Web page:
To put it mildly, we didn't heed that advice. Luckily, our family and friends still made it feel like such a magical time for us by supporting our every move (literal and otherwise) from afar. They showered us with love through a virtual baby shower (expectant parents nowadays can relate!) featuring the unwrapping of gifts they were able to ship straight to me from my Target registry.

Here's one piece of advice I did take: I registered at Target so I could take advantage of the retailer's benefits for registrants, which include a welcome kit valued over $100, a universal registry function and more. Fast-forward a few years and Target has made the registration perks even better for expectant parents: As of August 2020, they've added a Year of Exclusive Deals, which gives users who also sign up for Target Circle a full year of savings after baby is born on all those new mama essentials, from formula to diapers and beyond.

Honestly, even without the significant perks of a free welcome kit with more than $100 in coupons, additional 15% off coupons to complete the registry and a full year of free returns, registering at Target wasn't a hard sell for me: Even though the experience of shopping for baby items was new, shopping with Target felt like returning home to me… and the comfort of that was such a gift.

And of course, Target's registry plays a vital role right now, as expectant parents everywhere are being forced to cancel in-person baby showers and navigate early parenthood without the help of a hands-on village. A registry like this represents a safe way for communities to come through for new parents. If you're anything like me (or any of the other mamas here at Motherly), you certainly have emotional ties and fond memories associated with Target.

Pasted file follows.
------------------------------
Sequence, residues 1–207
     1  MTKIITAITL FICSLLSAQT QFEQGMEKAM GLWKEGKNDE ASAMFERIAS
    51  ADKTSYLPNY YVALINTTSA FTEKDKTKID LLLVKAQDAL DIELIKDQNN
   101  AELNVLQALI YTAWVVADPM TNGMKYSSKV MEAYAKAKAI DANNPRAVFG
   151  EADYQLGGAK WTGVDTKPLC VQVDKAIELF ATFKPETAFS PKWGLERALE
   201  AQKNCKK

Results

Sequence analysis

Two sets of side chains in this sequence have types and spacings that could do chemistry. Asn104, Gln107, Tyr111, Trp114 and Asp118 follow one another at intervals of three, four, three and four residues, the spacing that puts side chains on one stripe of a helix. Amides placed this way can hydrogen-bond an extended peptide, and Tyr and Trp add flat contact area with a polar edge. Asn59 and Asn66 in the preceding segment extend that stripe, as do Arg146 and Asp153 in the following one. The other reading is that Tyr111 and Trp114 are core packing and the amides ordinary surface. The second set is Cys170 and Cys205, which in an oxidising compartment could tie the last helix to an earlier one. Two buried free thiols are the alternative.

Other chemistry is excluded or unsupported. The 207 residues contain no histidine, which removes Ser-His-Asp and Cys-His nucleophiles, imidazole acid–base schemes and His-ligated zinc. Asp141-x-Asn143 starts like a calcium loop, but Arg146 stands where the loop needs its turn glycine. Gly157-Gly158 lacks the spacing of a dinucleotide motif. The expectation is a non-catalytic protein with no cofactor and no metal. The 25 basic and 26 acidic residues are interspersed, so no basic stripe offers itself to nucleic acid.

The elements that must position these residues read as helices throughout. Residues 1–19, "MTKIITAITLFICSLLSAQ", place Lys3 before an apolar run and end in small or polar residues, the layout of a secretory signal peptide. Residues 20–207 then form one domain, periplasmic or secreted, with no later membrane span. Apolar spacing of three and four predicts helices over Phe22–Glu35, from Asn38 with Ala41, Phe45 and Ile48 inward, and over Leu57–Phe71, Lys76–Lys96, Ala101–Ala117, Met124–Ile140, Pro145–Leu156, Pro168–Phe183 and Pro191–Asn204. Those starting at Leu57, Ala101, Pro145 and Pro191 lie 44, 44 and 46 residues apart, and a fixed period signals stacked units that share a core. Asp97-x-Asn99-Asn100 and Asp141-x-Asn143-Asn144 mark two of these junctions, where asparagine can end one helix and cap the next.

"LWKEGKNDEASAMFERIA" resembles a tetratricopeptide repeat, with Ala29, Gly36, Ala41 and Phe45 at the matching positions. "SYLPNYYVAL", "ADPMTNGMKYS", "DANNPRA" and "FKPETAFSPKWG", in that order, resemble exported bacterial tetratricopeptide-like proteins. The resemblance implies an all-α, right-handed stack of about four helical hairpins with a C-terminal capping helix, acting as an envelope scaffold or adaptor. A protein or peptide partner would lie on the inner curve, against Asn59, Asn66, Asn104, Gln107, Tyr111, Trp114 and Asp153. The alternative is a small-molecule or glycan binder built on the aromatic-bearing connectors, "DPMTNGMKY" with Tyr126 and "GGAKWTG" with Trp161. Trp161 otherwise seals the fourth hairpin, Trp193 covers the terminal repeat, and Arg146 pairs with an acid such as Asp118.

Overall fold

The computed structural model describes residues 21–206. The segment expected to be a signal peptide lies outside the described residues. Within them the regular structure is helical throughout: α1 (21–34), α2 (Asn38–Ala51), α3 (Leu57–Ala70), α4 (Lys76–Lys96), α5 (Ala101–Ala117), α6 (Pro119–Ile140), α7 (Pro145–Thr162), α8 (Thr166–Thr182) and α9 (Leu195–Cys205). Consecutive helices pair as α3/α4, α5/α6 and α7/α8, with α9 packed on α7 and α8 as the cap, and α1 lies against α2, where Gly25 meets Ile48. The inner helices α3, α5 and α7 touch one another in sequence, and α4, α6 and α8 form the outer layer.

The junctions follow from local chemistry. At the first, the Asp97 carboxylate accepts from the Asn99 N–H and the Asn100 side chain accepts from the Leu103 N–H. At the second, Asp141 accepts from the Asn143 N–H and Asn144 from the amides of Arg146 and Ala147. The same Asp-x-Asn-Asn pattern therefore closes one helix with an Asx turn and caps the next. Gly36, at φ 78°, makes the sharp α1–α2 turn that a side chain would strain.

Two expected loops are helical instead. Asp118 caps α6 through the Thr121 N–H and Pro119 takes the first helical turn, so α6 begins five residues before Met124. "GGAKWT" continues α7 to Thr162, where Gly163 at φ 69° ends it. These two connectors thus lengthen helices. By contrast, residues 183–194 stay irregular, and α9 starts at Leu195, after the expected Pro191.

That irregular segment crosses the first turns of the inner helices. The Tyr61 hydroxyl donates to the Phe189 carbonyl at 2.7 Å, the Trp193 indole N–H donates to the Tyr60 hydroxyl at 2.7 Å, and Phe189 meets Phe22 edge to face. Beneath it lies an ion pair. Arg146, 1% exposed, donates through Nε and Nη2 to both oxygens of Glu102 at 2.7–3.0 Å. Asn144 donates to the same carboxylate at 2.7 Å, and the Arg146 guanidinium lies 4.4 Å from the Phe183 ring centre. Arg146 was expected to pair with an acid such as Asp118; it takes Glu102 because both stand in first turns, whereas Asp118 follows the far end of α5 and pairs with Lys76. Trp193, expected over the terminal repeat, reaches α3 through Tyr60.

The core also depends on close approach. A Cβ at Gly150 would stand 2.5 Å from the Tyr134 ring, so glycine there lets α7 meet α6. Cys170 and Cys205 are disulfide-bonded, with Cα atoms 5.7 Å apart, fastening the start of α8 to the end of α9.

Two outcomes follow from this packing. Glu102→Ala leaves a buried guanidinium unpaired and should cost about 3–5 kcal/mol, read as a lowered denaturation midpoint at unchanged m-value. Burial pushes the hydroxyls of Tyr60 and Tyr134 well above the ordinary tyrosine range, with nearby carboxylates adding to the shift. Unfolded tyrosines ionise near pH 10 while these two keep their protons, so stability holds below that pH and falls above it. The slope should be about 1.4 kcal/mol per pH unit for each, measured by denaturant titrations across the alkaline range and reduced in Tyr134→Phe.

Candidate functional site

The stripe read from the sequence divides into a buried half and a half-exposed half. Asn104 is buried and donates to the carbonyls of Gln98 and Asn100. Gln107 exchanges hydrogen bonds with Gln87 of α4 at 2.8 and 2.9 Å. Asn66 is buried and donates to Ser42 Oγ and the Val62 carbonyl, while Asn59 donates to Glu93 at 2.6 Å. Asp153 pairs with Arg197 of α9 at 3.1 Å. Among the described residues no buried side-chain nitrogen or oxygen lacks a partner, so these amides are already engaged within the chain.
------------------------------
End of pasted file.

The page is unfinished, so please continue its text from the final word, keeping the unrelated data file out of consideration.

What to register for at Target was also an easy talking point as I began to connect with moms in my new community. I will always remember going on a registry-building spree with my next door neighbor, who had young children of her own. As we walked the aisles of Target back in 2015, she suggested items to add… and we laid the foundation for what has since become one of my most cherished friendships.

Even as I made connections in my new hometown, I was nervous that expecting my first baby wouldn't feel as special as if I were near family and friends. But my loved ones exceeded all expectations by adding the most thoughtful notes to gifts. They hosted a beautiful virtual baby shower and even encouraged me to keep the registry going after my baby made his debut and new needs arose.

In the years since, "community" has taken on a wonderfully complex new meaning for me… and, in these times of social distancing, for the rest of the world. I've come to cherish my newfound friends in our local community alongside those long-time friends who are scattered around the county and my virtual mama friends.

Now, as my friends' families grow, I'm so grateful that I can show them the same love and support I felt during my first pregnancy. I sing the praises of Target's baby registry—especially in light of the pandemic, since I know mamas can do everything from a distance thanks to Target's website and the added benefit of getting trusted reviews and helpful registry checklists.

And now that I'm on the gift-buying side of the equation, I've found new joy in picking thoughtful gifts for my friends. (Because goodness knows Target has something for everyone!)

For my friend who is a fellow runner, I teamed up with a few others to give the jogging stroller she had on her registry.

For my friend who is a bookworm, I helped her start her baby's library with a few books that are also well-loved in our home.

For other friends, I've bundled together complete "sets" with everything they need for bathing or feeding their children.

I know from my own experience that, yes, the registry purchases are so appreciated, but the thoughtfulness and the support they represent means even more. Because although my village may have been distant, the support they showed me was the next best thing to in-person hugs.

Start your own Target Baby Registry here to experience a Year of Benefits including a Year of Exclusive Deals through Target Circle to enjoy for a full year following your baby's arrival, a year of free returns, two 15% off completion coupons and a free welcome kit ($100 value).

This article was sponsored by Target. Thank you for supporting the brands that support Motherly and mamas.